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Author Topic: Belkin F5D6230-3 Router  (Read 25344 times)
FyberOptic
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« on: September 28, 2007, 02:30:43 AM »

I have this old Belkin F5D6230-3 router laying here, and decided it might be worth mucking around with.  I don't think I'd ever be able to put DD-WRT or OpenWRT on it, but it seems like it might be viable for just my own tinkering.  And who knows, I might get something worthwhile out of it one day!  The firmware that's in it is pretty much garbage from what I can tell, and we've never used this router in an actual network for more than like a day because of such.  So anyhoo, I figured I'd just make a topic here and post the info I have as I get it, for anyone else that might stumble onto this one day that might find it useful.

From what I've deduced, it's very very similar to the Linksys BEFW11S4.  Most of the parts are the same or similar, the boards are just different.  But the BEFW11S4 is labeled as not being compatible with OpenWRT, which leaves me to believe the Belkin here never would be either, since they're so similar.

In the OpenWRT hardware compatibility list, the D-Link DI-614+ also sounds like it might have similar hardware, but I haven't looked into it much yet.

Here's some of the components from the Belkin that I've looked up:

S3C4510B01-QER0 = ARM7 cpu (and a 50mhz oscillator nearby)
EM638325TS-6 = 8MB SDRAM
TE28F800 = 1MB Flash (probably explains the biggest reason OpenWRT isn't supported)
88E6050-RJJ = 10/100 Ethernet Switch With Internal RAM
LF8731 = 10 BASE-T/100 BAST-TX Transformer Module
RTL8019AS = 10Mbit Full Duplex Ethernet controller with SRAM
91.EP213.002 217CP10746 - Unknown brand PCMCIA wifi card (802.11B) with dual-antennas hard-wired

If you check out this site (translated from French), you can see what I meant about many of the components being the same or similar with the BEFW11S4.  I'll take some pictures of the pcb in the Belkin soon.

The Belkin has a couple of headers, one of which actually has the header pins installed.  I believe this one is a serial port, but they lead to a place on the board where no chip is installed (likely a level converter, since the S3C4510B has built-in UARTS).  Yet oddly, the other header is lacking the pins, and is very clearly a JTAG connector.  There's even a couple of locations down along the bottom of the board where apparently a parallel connector and serial connector can be mounted on the board, and some spots where other chips aren't installed, so maybe they had a few different models using the same board with various features.  I'll have to look into it more.

Anyhoo, the JTAG appears to be the standard 14-pin ARM pinout:

1 - Vddh (+3.3v)2 - Vss (ground)
3 - nTRST4 - Vss (ground)
5 - TDI6 - Vss (ground)
7 - TMS8 - Vss (ground)
9 - TCK10 - Vss (ground)
11 - TDO12 - nRESET (optional)
13 - Vddh (+3.3v)14 - Vss (ground)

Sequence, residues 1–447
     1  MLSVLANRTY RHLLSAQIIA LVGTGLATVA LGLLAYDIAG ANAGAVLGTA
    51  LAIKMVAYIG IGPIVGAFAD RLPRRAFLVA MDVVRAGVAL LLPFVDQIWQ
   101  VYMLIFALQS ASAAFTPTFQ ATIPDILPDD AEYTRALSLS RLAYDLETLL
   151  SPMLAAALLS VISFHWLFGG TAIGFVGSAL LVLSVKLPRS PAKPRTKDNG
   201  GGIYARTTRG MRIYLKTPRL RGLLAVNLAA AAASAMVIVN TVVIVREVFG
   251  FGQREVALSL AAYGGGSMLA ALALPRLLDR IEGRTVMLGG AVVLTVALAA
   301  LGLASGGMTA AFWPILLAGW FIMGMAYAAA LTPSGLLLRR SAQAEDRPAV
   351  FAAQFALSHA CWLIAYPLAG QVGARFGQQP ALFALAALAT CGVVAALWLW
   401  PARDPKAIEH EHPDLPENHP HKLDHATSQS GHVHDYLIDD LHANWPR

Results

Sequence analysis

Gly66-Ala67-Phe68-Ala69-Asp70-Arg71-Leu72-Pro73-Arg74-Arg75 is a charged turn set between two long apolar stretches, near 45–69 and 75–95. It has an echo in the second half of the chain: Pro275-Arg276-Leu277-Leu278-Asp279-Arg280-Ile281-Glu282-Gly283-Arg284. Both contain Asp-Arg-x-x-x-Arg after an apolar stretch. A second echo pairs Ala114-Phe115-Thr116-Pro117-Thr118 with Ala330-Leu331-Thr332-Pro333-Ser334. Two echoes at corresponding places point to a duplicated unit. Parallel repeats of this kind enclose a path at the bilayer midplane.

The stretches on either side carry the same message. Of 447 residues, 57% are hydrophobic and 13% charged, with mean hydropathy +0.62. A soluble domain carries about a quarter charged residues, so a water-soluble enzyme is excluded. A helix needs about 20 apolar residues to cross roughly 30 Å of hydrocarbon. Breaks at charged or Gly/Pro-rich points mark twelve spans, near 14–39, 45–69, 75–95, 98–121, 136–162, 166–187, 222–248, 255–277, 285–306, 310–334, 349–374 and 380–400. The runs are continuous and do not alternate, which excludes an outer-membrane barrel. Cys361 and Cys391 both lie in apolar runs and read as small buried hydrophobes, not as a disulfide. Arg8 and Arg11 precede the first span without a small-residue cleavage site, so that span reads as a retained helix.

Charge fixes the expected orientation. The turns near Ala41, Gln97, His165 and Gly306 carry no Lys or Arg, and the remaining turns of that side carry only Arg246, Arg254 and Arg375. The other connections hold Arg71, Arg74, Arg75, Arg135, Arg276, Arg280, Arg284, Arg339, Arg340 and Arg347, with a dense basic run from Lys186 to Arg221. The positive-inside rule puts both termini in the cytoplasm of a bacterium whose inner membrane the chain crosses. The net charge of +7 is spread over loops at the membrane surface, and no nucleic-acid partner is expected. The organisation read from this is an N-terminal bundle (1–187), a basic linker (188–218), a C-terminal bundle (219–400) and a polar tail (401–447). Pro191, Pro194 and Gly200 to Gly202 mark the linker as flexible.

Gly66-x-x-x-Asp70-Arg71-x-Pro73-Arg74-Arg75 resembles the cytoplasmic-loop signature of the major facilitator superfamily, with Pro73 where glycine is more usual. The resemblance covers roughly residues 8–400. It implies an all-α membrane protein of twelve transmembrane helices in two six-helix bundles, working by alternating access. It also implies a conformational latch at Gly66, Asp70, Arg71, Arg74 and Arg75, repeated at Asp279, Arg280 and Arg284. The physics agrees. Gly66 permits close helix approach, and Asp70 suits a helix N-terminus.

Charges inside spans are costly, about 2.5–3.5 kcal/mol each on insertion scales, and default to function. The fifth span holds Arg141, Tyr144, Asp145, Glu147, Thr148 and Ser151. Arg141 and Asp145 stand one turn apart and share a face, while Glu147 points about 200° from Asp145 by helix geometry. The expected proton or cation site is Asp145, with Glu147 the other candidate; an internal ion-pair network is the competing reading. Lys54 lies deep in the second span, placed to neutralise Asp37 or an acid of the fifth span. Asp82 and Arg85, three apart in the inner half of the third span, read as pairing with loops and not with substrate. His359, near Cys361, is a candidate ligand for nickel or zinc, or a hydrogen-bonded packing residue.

I tested the voltage of the Vddh's and they are in fact 3.3v.  And all the grounds are definately ground, since it can be confirmed visually right away (which is what made me suspect JTAG in the first place).  Though due to the voltage, I figure this means one needs some kind of buffered JTAG cable in order to talk to it with a parallel port, unfortunately.

I think the OS is VxWorks, because there's a Wind River Systems copyright string in the firmware for this model (that you can get from Belkin's site).  The firmware image itself must be compressed, because there aren't really many other strings to be found in it.  There also appears to be a header at the top of some sort (preventing you from uploading other firmwares via the web interface), but it's not the same as the Belkin Extended Header Format (see this white paper for info on that).  It's somewhat similar though, at least in a couple spots, it seems.  The first four bytes are some unknown stuff, but the next four seem to be the size of the image itself (least-significant byte first).  If we follow the extended format, the next four are the CRC.  Following that is the zero-terminated string "WirelessBelkin" (which differs from the extended format's structure).

Now how large the header actually is, I don't know.  Possibly 27 bytes, like the extended one.  From looking at the bytes in the file, this is quite possibly true, since following that string is a series of bytes with the value 0xCC.  As for the size of the image found earlier in the header, if we assume the image starts at 0x1B, then that leaves us some extra bytes at the end.  In the extended format, this is for an NVRAM section.  But I couldn't find anything even close to resembling the NVRAM header, so I really don't know at this point what's what.  It doesn't help that it's compressed.  I saw someone mention somewhere that one particular firmware was in ARJ, but I don't even remember what that was for.  But at least it's a start, perhaps.

I tried using a TFTP client to put a firmware update on it, but nothing happens, so I figure that method is out.  We're likely stuck with either the updater in the web interface, or the JTAG connector.

I think that's about all I know for the time being!
« Last Edit: September 28, 2007, 02:44:15 AM by FyberOptic » Logged
Altzan
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« Reply #1 on: September 28, 2007, 07:22:36 AM »

Holy cow, I didn't understand half of that.
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FyberOptic
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« Reply #2 on: September 28, 2007, 12:51:09 PM »

Holy cow, I didn't understand half of that.

It's okay, I made it all up.


Here's more: